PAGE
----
The World of Commercial Art and the International Art Market

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The World of Commercial Art and the International Art Market

The main aims of this research are to acquire an understanding of the conditions of the art market and to develop a critical knowledge of the commercial art world and the relevant international market.

The idea that the international art market is a regulator in the post academy art world has implications on the formation of prices and values in the art market, due to the macroeconomic reality, political and cultural changes of this period.

Throughout the nineteenth century, the Académie des Beaux-Arts continued to produce many important artists. It lost its power only at the turn of the century when it failed to acknowledge radical styles such as Impressionism and
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The international art market is based upon individual players whose motives are ultimately the maximisation of art.

In this way, the market developed into the international scope due to the proliferation of the figures of dealers and auction houses, whose international work in Holland, England, France and Italy became recognised in nineteenth century.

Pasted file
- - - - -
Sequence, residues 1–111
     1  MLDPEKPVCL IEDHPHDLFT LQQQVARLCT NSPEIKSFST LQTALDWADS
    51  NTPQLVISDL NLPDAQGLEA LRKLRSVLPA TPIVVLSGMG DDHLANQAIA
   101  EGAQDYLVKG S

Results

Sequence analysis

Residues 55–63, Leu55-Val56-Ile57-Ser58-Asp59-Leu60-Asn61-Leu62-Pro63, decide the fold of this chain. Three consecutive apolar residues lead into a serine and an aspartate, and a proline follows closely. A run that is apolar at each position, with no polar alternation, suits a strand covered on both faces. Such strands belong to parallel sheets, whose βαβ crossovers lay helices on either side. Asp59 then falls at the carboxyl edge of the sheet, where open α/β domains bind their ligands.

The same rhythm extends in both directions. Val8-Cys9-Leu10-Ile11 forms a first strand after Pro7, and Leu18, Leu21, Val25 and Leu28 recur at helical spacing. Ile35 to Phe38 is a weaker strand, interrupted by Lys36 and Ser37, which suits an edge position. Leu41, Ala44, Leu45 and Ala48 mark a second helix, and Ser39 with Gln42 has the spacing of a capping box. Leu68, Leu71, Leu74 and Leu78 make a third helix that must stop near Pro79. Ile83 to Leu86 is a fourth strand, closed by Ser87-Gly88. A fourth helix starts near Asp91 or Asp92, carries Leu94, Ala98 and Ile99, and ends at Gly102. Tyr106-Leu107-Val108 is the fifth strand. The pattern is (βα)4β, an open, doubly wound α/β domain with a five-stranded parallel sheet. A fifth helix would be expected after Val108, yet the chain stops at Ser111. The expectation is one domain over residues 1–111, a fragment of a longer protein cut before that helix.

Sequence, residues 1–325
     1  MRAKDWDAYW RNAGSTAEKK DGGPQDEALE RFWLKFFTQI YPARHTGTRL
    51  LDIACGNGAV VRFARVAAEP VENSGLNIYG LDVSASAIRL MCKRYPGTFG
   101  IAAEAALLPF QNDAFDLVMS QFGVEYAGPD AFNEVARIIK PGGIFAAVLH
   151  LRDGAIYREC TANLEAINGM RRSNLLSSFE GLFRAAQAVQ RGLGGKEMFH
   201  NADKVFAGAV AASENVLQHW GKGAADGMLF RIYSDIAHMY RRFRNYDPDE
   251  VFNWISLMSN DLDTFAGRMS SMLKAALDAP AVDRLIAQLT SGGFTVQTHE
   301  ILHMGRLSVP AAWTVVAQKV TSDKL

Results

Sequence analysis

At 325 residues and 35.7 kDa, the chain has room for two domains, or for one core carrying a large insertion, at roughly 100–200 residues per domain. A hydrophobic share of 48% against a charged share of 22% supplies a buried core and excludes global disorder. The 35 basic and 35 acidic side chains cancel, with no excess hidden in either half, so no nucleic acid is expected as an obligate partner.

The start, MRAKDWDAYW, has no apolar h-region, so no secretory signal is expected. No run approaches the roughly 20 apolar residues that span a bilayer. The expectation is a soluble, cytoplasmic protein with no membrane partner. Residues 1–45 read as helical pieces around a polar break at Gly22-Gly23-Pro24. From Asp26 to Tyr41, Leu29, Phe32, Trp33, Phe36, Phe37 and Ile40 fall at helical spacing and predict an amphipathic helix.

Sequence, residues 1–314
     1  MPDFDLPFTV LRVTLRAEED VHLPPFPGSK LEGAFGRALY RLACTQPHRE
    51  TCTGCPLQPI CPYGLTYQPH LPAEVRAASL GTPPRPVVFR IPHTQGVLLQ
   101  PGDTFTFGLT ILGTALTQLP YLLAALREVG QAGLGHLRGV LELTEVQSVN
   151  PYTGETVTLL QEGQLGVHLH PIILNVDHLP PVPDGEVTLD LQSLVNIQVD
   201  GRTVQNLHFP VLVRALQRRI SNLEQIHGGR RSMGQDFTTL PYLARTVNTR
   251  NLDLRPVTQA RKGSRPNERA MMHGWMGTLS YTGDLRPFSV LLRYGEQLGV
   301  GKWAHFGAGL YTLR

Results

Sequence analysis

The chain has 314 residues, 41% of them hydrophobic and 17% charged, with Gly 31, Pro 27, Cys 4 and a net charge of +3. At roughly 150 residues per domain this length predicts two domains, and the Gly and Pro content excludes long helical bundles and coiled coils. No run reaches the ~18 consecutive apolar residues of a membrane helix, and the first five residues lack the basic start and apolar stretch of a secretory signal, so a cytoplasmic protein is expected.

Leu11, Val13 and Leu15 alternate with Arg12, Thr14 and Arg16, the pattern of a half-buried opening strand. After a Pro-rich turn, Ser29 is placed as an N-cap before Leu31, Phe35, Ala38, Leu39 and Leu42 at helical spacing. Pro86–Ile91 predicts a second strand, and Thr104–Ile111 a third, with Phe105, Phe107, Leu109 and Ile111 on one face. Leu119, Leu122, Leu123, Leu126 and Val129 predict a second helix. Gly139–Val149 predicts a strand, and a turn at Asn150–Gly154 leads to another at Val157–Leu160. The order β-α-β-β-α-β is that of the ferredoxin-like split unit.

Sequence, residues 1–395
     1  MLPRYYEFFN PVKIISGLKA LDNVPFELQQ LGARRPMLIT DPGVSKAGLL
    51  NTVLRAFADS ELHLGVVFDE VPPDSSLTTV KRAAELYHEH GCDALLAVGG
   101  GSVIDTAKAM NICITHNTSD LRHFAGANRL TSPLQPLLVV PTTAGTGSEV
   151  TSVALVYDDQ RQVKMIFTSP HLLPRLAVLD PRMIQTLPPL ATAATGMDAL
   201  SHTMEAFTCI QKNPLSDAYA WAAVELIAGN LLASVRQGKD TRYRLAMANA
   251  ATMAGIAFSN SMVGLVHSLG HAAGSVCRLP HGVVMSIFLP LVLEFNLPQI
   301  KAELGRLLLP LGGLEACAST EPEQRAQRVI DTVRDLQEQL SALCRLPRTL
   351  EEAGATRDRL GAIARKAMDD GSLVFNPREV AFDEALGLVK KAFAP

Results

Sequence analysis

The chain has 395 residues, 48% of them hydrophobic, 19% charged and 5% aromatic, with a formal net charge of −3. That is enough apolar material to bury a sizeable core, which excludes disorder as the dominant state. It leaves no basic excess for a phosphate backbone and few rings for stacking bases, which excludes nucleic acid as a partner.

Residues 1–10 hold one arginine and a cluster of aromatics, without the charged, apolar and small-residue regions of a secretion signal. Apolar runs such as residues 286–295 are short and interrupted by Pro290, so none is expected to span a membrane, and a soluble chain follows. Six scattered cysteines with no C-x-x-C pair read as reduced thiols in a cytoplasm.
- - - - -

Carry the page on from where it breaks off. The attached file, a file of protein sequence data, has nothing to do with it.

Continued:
Hence, Academic art, serving as a bridge period between the Baroque and Early Modern era, was essential the comprehension of new ideas about art and its periodisation, the extension of subject matter and development of technique, and the new interaction of public and patrons with artists.

Many of the characteristics of nineteenth century Academic Art - small scale, storytelling, realism and high finish - reflected changes in the art market. The political and cultural authority of church, government and aristocracy, the industrial revolution and emergence of a large commercial middle class, along with an unprecedented expansion of living space, stimulated an increase in the demand for decorations and art.

There were fewer large-scale commissions and artists sought to appeal to a new group of patrons: wealthy, middle-class art lovers. These new collectors acquired art for personal enjoyment, to decorate their homes, and to demonstrate their cultured sophistication.

The nineteenth century is the century that

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